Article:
Law & Legal
Iowa students protest proposed discriminatory LGBTQIA+ bill.

Iowa students protest proposed discriminatory LGBTQIA+ bill.

On Wednesday, students participated in a walkout to oppose anti-LGBTQIA+ bills being approved and introduced in Iowa by proudly carrying signs, donning pride flags, and marching from the Memorial Union to Parks Library.

Students in Iowa stood up from their desks and left their classes on Wednesday afternoon to oppose several anti-LGBTQIA+ bills being considered by the state legislature. This school walkout caused a great deal of awareness and annoyance throughout Iowa.

In a report, NBC News said students from 26 high schools and two colleges organized the protests.

The day of public protests was coordinated by IowaWTF, a group of high school students that opposes “discriminatory legislation,” and the Iowa Queer Student Alliance, a group for Queer high school and college students.

The Motive for the Rally

A representative of the Iowa QSA, Jemma Bullock, stated that the organization is conducting walkouts for two primary reasons: to educate individuals about the bills being debated in the state Assembly and to attract the legislators, sponsoring those bills’ attention.

Jemma Bullock of Ankeny High School, located just north of Des Moines, said, “We are trying to make it so that those in authority can’t ignore us. Because at the moment, there are people going to the Capitol and attending those public meetings about these bills — they have been teachers, psychiatric patients, medical professionals, students, parents, administrators, all kinds of individuals who come and say, ‘This is harmful.

This will have detrimental consequences. This will lead to bullying, depression, and anxiety, and our schools won’t be a secure place for the LGBTQIA+ community.’ They simply won’t heed, though.”

Since The Abortion Decision, Iowa Witnessed The Most Protests For Anti-LGBTQIA+ bills

Students from 21 districts, including Des Moines Public Schools, Ankeny Community School District, and Iowa City Community School District,  some of the state’s most extensive school systems, participated in the LGBTQIA+ walkouts.

According to Waverly Zhao, a senior at Johnston High School, just north of Des Moines and a co-founder of IowaWTF, students at Grinnell College and Iowa State University also lined up for the walkout.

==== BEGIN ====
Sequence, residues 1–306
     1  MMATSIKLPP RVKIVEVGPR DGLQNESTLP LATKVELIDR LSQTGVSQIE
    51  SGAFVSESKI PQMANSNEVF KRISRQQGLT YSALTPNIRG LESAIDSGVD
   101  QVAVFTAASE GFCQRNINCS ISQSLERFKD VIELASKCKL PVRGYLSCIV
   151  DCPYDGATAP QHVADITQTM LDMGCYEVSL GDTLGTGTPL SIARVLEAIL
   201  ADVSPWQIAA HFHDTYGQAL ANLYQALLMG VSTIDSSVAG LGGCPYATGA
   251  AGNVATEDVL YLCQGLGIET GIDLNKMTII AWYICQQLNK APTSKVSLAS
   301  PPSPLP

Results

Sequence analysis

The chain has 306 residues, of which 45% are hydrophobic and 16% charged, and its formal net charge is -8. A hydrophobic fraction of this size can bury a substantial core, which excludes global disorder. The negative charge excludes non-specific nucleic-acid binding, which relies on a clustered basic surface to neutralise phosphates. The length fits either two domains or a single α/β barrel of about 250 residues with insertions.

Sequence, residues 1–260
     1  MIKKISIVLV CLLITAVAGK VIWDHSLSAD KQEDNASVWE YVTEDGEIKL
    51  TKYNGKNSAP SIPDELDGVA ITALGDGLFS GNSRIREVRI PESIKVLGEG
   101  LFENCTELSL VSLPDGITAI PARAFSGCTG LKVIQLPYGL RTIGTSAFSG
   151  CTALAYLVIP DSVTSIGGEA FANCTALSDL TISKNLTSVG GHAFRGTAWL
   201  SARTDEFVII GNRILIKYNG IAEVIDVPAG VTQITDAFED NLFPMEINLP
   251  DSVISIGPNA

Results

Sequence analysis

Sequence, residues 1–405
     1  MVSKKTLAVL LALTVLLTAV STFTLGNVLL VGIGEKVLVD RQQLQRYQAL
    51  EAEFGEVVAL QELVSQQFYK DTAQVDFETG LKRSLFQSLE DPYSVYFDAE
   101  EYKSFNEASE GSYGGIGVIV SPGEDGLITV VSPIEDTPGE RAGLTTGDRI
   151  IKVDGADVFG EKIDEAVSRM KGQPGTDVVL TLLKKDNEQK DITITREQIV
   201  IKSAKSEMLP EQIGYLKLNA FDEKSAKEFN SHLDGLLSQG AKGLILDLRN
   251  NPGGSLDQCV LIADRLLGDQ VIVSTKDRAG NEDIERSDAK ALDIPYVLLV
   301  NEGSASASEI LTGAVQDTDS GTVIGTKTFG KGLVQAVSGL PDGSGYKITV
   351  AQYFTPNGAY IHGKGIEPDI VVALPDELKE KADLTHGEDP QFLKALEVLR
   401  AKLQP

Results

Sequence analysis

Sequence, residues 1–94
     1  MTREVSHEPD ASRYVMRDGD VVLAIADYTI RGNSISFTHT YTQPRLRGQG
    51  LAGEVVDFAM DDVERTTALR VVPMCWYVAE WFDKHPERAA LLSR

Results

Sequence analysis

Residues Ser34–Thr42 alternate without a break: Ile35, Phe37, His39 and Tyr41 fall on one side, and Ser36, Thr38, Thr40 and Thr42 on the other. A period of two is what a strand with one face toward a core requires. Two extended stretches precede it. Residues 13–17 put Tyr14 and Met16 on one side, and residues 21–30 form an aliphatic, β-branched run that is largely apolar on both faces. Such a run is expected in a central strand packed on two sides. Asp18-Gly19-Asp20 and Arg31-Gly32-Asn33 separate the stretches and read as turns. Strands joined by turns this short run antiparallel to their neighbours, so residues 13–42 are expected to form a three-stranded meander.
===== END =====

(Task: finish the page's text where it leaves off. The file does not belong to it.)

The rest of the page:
The students chanted, “We say gay,” “love is love,” and other slogans as they marched through Iowa City’s streets, receiving encouragement from passing vehicles and onlookers. Finally, the marchers finished the last portion of their journey, taking a five-minute break in the Pedestrian Mall, and arrived at the Pentacrest around two o’clock.

Since more than a thousand people gathered to oppose the US Supreme Court’s Roe v. Wade decision last year, the anti-LGBTQIA+ bill walkout was Iowa’s biggest protest.

Nearly a year ago, Zee Lauer assisted in planning a protest in favor of transgender rights at the Old Capitol. They use the words they/them and are nonbinary.

“That I am standing here on these stairs protesting is just absurd. Youngsters are killing themselves left and right, and (Iowa legislators) just don’t seem to care,” they said.

The Regulations That They Are Condemning

According to a local advocacy organization, One Iowa Action, Iowa lawmakers have proposed at least 29 bills this year for LGBTQIA+ people.

Bullock stated that she is most concerned about a collection of bills that would outlaw teaching about gender identity and sexual orientation, one of which would even prevent teaching about gender identity through the eighth grade.

Bullock also brought up a different bill that would forbid school staff from hiding a student’s gender identity from their parents if that gender identity differs from the student’s assigned sex at birth. 

In addition, a joint resolution put forth on Tuesday by eight House Republicans that would outlaw same-sex unions is also a concern for LGBTQIA+ individuals and allies.

In at least 23 states, including Iowa, lawmakers have introduced legislation this year to limit gender-affirming care for minors, including hormone therapy, surgery, and puberty blockers.

Zhao claimed that since trans minors are already at a greater risk of developing suicidal thoughts, the ban on transition-related care could harm their mental health. She added that she worries that legislation aimed at schools may affect the emotional assistance; LGBTQIA+ students receive there, which they might not get at home.

She expressed concern that greater parental participation in such a contentious and sensitive matter, which affects many students personally, would undoubtedly be detrimental to the children.

According to NBC News, The American Civil Liberties Union and a different team of researchers monitoring the flow of legislation have counted over 300 bills targeting LGBTQIA+ people that state legislators from across the nation have proposed so far this year.

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